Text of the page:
So yesterday I told you about the 1965 book on marriage by Father Capon that I think is just lovely, and promised that the rest of the week we’d be talking about some other marriage books. Today I want to talk about two new books–the unbearably hyped Real Marriage by Mark & Grace Driscoll and the somewhat less arrogantly titled The Meaning of Marriage.


So first, Real Marriage. The title makes me cringe, as does any title that seems to introduce itself as giving the truth about anything. Books deserving of authoritative status gain it whether their title suggests it or not–though I would suspect that the likelihood of a book’s gaining authoritative status decreases proportionate to the amount of authoritativeness (that’s actually a word?) suggested by the title. But I digress.

There are so many things I could say about this book and about Driscoll, whose famous name and reputation is the only reason this book is creating much of a buzz at all: it is pretty standard ‘complementarian’ fare, but with characteristic Driscoll flair: barely suppressed misogyny and homophobia throughout, the assumption that anyone not attended a “Bible-believing, Jesus-loving, conservative Christian church” (including Catholics and mainline Protestants) are not “real” Christians, and (of course) frank discussions of sexuality that would almost (not quite) embarrass Dan Savage. There isn’t much I want to say that wasn’t said eloquently by Susan Wise Bauer at Books & Culture and by Rachel Held Evans, so I’ll just say a few things:

1. Too many statistics!

Supposedly evangelicals have sex lives that are better than those of Catholics and mainline Protestants, supposedly women are happier when their husband earns at least 68% of the household income, but really, so what? I’m so tired of seeing statistics like these held up as evidence of something (in this case, that people would be happier and have better sex if they would just listen to Driscoll) without any nuance. It’s irresponsible and misleading to use statistics like that. Besides, 73% of statistics are generated at random simply to prove the point that the writer wants to prove. (See!?)

2. Too many assumptions!

The Driscolls seem to think that it’s possible to read the Bible and prove things from the Bible without interpreting it, or they wouldn’t simply place Bible references as “proof” of certain of their claims. I was particularly troubled by these two points, held up to prove that patriarchy is God’s Will for All Time:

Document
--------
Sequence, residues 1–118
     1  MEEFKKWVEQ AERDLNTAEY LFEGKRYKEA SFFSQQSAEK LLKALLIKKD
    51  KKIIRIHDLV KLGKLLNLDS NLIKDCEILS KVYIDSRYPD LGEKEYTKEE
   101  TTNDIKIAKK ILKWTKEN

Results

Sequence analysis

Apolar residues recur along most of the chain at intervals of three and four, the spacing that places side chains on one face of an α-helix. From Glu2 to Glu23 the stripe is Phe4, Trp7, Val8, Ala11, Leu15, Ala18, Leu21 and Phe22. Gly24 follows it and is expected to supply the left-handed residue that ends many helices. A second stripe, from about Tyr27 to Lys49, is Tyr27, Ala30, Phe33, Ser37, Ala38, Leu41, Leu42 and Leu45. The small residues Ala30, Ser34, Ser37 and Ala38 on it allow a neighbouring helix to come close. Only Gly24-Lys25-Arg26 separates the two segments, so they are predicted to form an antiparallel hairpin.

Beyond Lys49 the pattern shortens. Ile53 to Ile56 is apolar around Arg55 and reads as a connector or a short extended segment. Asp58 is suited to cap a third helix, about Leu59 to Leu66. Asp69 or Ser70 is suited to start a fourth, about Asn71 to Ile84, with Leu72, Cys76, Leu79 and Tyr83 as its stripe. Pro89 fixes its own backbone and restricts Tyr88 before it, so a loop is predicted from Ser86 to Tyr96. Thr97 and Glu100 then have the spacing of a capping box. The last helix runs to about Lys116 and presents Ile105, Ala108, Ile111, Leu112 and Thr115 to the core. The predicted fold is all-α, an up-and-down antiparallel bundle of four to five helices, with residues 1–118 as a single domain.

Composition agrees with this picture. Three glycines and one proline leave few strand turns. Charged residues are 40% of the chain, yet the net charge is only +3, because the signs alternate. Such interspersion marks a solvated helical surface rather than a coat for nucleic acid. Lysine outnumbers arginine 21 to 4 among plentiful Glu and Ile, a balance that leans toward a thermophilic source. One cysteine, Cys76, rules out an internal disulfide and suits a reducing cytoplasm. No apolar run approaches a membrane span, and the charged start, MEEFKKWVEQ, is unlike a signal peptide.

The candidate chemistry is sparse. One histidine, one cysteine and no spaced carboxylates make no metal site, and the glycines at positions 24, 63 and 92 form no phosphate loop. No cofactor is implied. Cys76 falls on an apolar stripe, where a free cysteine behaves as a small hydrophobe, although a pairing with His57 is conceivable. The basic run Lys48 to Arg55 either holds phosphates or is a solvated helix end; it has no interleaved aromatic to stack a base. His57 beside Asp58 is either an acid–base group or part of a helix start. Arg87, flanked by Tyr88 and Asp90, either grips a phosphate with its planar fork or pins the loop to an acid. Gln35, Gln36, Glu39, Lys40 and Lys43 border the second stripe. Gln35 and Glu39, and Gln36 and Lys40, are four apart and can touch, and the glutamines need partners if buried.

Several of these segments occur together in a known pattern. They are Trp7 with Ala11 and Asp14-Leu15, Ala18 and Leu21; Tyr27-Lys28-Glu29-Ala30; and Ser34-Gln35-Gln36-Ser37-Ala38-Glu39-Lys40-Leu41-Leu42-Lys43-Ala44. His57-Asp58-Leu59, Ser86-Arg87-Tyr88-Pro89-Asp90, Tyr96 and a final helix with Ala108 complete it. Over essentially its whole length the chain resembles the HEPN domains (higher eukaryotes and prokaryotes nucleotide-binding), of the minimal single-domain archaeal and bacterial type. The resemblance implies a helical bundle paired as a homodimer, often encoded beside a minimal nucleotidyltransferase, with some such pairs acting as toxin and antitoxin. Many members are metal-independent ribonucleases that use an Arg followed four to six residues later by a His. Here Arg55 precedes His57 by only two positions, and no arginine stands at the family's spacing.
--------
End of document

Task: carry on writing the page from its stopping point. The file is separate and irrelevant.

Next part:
• “God called the race “man” (Gen. 1:26) and “mankind” (Gen. 5:2)” —um, no. God called them “dirt beings” because they were taken out of dirt. Adam sounds a lot like the Hebrew for “dirt.”
  • “By naming Eve, Adam was exercising authority over her as God commanded.”–While this assumption–that naming implies authority over someone/something–is popular, no lesser scholars than Phyllis Trible and Richard Bauckham have said that there’s simply no good reason to believe that.

3. Too much detail!

In their “Can We_____?” chapter, the Driscolls apply 3 questions to every question: Is the given sexual act: lawful? helpful? enslaving? But instead of giving us that (reasonably adequate) rubric and leaving the rest to the imagination, they go into occasionally-excruciating detail. I imagine Father Capon would say that it’s really too bad not to let married people figure things out for themselves on a dreary winter evening, but I won’t go that far. I’ll just say that I’m glad  Timothy and Kathy Keller mercifully didn’t over-explain sex in their book, The Meaning of Marriage…

In one sense, these books are similar: the Driscolls and the Kellers are both Reformed, complementarian, and conservative; in many ways, they could not be more different: absent from here is the barely disguised rage toward women; absent, too, is the undercurrent of sex-obsession one finds in Driscoll. I appreciated that the Kellers chose to write about sex much more discreetly–pointing out that sex can be awkward, confusing, problematic–but that working through problems in loving ways with much love is the best (only?) way. This book was based on Keller’s popular sermon series, an exposition of Ephesians 5, and while he’s much more clinical and less flamboyant a writer than, say, Father Capon, he writes with admirable clarity. In fact, he has something of his hero C.S. Lewis’ knack for clear-eyed, logical discussion in plain language. Two criticisms:

  • any discussion of woman-as-helper (Hebrew, ‘ezer) really ought to mention (as Driscoll does, in fact!) that GOD is called an ‘ezer, too–the Kellers seem to assume (or leave us to assume) that “helper” means “subordinate,” which it needn’t.
  • the Kellers nod to cultural contexts when it suits them and assume universality when it suits them: in one breath they point out how the Ancient Near Eastern culture in which the Bible came together would’ve read the Bible as revolutionary on marriage and in the next they say that what the Bible teaches on marriage (in terms of literal, on-the-page meaning) is universal, not bound to time or place. It’s hard to say both those things at once without casting doubt on one or the other. (I’m a big fan of William Webb’s writing on the subject.)

Tomorrow (Friday) I’ll tell you about a third new book on marriage that I really, really like. Despite all the hype about the Driscolls’ book, it’s this book–Are you Waiting for the One?not that one, that contributes something new to the discussion of Christian marriage.

{I hesitantly acknowledge that I received free review copies of each of the two books mentioned today…hesitantly because I hope the publishers won’t be scared of sending me more books to review. As my mom is sure to say, I can be a bit rough…}